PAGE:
Batman and Superhero Model Kits

Hi.
I'm new to this group, having developed a newfound appreciation for the modeling kits of my youth, probably because I recently turned 49. I notice
a lot of them are being reissued lately. I just completed a vinyl Michael Keaton "Batman Returns" that I found on eBay. Probably a bad place to start, as it was one of the most difficult of any I've done. It looks great, but it didn't come without sacrifice. I ruined a countertop, gouged my left index finger during an Exact-o knife mishap and wore out two tubes of Bondo just to affix the cape to the figure. There was a lot of waste material that had to be cut off before I could even begin to assemble it, and the entire project took over a month to complete. Still, the results were well worth the trouble.
I've heard talk about "washes" and whatnot, and I've seen photos of the finished model that shade the visible parts of Batman's face. The only detailing I've done is to give him eyes and lips, but if there's something I can do to enhance the visual, I'm open to suggestions. Also, I've noticed that many aficionados prefer acrylics over enamel. In the case of this model, I painted his suit, cowl and cape (all black) and orange/yellow and black bat-insignia in enamels. I used acrylic flesh tone on the face and finished with a sprayed enamel dull coat. Is acrylic best airbrushed on vinyl or plastic, and why is it better than enamel (if it is)?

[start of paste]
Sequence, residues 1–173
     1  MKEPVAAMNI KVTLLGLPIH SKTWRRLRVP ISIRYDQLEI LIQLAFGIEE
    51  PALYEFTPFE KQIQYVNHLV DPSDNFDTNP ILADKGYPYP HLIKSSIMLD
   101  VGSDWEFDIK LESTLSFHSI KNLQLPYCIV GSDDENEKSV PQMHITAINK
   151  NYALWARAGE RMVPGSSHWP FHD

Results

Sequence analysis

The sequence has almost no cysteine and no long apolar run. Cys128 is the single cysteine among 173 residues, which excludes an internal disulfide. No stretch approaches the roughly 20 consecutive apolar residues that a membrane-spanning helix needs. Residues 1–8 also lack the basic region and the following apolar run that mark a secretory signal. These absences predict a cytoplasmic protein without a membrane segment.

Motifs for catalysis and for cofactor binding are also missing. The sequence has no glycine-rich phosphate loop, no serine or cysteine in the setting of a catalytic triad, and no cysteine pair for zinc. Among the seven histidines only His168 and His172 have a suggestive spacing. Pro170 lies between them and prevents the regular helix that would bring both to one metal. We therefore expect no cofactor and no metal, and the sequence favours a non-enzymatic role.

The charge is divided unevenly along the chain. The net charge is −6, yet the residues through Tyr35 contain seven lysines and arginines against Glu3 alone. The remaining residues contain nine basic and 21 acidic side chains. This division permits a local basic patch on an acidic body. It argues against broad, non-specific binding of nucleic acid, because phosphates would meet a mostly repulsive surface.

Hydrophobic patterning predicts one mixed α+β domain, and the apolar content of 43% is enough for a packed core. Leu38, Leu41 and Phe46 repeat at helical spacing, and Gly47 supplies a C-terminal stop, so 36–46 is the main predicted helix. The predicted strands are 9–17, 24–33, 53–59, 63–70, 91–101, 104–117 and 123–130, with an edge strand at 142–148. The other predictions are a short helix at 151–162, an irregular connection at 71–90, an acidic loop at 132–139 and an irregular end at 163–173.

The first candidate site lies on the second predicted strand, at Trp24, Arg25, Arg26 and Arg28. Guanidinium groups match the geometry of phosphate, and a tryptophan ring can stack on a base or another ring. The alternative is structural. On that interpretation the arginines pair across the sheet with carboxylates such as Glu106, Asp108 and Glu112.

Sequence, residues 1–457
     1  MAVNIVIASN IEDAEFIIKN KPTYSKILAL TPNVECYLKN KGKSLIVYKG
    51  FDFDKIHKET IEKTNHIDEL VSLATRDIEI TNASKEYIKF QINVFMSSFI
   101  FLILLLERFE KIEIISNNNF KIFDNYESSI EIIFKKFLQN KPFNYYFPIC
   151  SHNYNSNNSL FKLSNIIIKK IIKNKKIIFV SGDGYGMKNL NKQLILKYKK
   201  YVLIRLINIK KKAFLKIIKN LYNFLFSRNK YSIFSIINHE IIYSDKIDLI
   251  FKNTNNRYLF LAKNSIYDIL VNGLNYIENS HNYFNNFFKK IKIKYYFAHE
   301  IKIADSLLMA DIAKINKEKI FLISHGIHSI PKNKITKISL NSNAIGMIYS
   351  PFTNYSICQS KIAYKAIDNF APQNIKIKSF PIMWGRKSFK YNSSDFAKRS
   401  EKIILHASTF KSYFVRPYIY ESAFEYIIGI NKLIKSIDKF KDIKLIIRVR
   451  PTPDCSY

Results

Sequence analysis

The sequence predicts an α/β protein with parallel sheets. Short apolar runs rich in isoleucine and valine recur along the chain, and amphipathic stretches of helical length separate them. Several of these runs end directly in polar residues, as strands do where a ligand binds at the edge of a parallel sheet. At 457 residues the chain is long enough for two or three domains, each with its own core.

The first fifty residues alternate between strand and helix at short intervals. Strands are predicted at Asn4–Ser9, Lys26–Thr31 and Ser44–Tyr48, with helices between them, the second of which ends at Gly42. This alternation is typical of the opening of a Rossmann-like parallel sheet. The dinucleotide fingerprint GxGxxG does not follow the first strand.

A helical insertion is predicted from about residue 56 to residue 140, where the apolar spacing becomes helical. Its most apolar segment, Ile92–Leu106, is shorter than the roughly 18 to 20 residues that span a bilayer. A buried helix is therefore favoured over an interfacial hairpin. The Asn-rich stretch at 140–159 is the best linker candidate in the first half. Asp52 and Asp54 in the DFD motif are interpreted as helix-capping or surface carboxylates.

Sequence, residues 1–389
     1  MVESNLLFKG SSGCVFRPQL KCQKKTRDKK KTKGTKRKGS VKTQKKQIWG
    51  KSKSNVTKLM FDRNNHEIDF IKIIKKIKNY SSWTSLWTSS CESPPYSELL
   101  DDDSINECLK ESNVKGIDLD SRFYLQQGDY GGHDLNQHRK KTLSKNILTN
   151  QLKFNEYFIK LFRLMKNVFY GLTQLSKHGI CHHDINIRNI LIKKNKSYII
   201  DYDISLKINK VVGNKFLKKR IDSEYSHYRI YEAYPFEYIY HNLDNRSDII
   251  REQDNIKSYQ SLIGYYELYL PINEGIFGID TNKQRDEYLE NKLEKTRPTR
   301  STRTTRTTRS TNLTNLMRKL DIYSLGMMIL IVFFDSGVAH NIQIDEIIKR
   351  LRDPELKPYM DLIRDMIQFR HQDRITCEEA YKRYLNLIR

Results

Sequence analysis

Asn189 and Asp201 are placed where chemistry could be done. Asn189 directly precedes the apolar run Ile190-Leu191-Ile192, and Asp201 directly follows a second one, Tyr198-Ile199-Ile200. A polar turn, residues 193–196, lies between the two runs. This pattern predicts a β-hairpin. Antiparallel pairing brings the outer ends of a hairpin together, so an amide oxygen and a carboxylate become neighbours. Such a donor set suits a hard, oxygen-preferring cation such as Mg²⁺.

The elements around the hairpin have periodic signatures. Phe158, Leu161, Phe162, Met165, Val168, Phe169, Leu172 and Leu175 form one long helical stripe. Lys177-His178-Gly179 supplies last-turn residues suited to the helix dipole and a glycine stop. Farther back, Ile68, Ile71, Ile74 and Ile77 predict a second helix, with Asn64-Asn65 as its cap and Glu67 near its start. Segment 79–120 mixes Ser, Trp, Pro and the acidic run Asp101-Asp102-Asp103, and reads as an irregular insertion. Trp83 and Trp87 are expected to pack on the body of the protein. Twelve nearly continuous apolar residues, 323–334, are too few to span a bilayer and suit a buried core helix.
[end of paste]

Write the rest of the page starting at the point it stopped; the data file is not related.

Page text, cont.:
The reason I'm asking is because I've got three other projects in the hopper. In keeping with the superhero theme, I happened upon reissues of 1960s-era Superman, Batman, and Robin, the Boy Wonder kits at a toy store in Purcellville, VA. I scoured eBay for them and each of them required a bid or some exhorbitant "Buy It Now!" fee. eBay has really gone down the tubes IMHO. The ones I've found go for 18 bucks apiece, or less. Anyone experiencing a similar mid-life crisis can go here: www.ourshopintoyland.com. I've received great service from them in terms of delivery of the goods. Speaking as someone who's trying to glom on to as many pieces of his eroding youth as possible, I think I found myself a bargain!
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Great! is that where all the sci fi/fantasy model kits ended up,on Ebone?.Stores cant compete with that.!walmarts just hanging on with adimal selection of crap.